If you have hoarding tendencies and recently decluttered your space, understand that maintaining the new look for your home is up to you. No number of organizers or storage containers can keep a mess at bay without active effort. Now that being said, there are ways you try to lock in your new mindset in place. You can have a photo reference to remind you about how far you have come. When your things are out of place, think about what it can become.
Another is to change it as much as possible. You do not need a photo to remind to clean, but instead, let space speak for itself. You could go as far as moving to a new house or repainting your old one, but here are more straightforward changes or smaller projects you can take on yourself.
1. Replace your floors
After some time, there could be old food stains that have aged and stained your floors. Look for new floors from www.firmfitfloor.com to commit to the change of keeping your space organized and clean.
Take out old carpet and tiles in favor of vinyl floors. They are easy to clean, so even when you have moments where you backslide into old habits, you can reset without worrying about the stains that could haunt you the rest of your stay.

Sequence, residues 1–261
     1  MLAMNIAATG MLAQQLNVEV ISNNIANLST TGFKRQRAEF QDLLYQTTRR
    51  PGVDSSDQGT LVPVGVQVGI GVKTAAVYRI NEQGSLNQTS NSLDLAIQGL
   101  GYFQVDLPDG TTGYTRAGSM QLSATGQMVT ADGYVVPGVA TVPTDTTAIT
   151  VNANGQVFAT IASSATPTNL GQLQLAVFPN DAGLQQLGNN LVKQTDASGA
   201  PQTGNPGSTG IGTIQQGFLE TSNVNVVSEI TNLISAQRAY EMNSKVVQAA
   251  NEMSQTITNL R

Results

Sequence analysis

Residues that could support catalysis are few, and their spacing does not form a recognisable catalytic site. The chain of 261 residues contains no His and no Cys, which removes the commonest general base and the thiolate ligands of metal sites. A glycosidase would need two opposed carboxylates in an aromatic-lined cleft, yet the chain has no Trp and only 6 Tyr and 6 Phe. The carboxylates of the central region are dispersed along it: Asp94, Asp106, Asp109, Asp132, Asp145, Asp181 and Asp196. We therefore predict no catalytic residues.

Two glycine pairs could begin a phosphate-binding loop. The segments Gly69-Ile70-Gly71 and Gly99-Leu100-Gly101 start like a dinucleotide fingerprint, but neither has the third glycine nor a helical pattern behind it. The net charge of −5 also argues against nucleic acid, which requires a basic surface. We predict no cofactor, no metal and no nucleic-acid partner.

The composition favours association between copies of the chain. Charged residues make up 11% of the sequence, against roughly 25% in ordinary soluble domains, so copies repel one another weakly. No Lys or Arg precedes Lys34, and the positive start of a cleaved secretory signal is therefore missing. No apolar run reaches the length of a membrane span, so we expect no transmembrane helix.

2. Display feature pieces
Another way to remind yourself about who you are and what you want is to have things on display. It must be curated and deliberate. Pick three to four items that you love, that remind you of love and keep them in a visible area. You can also hang photographs of happy and affirming moments to tell you that you are more than your physical possessions.
If you have a hobby or creative outlet, select one or two items to display as well. Your home is an extension of yourself. Some of these pieces can act as a non-written journal entry about your feelings and experiences.
3. Have a limited amount of storage
On a more technical level, you can try to keep your items minimal by allotting containers or cabinets to specific items – clothes over here, books over there. Limited storage will show you that you are accumulating things again. It is a visible test. How long did it take for you to fill up that space? Why did you keep those items? Is it a natural progression of collecting or were there events that triggered this? Reflect on your reasons and remember that memories and sentiment don’t have to be bound by objects.
Hoarding is very much a symptom of mental illness. It needs to be actively treated by a professional. It needs to be monitored by a community you know will hold you accountable. These tips are suggestions for efforts you can do on your end to turn over a new leaf.